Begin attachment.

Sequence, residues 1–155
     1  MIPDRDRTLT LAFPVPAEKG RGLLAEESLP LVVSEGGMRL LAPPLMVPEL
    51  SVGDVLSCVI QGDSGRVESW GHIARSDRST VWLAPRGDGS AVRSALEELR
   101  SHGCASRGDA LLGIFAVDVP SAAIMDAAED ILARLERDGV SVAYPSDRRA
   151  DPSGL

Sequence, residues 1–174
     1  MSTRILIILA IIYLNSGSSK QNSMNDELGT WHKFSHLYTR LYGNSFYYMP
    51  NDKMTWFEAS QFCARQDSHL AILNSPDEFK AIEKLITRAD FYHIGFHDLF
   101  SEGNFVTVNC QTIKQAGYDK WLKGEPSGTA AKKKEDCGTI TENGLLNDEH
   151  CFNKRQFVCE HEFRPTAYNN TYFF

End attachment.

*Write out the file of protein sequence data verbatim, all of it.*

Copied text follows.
Sequence, residues 1–155
     1  MIPDRDRTLT LAFPVPAEKG RGLLAEESLP LVVSEGGMRL LAPPLMVPEL
    51  SVGDVLSCVI QGDSGRVESW GHIARSDRST VWLAPRGDGS AVRSALEELR
   101  SHGCASRGDA LLGIFAVDVP SAAIMDAAED ILARLERDGV SVAYPSDRRA
   151  DPSGL

Sequence, residues 1–174
     1  MSTRILIILA IIYLNSGSSK QNSMNDELGT WHKFSHLYTR LYGNSFYYMP
    51  NDKMTWFEAS QFCARQDSHL AILNSPDEFK AIEKLITRAD FYHIGFHDLF
   101  SEGNFVTVNC QTIKQAGYDK WLKGEPSGTA AKKKEDCGTI TENGLLNDEH
   151  CFNKRQFVCE HEFRPTAYNN TYFF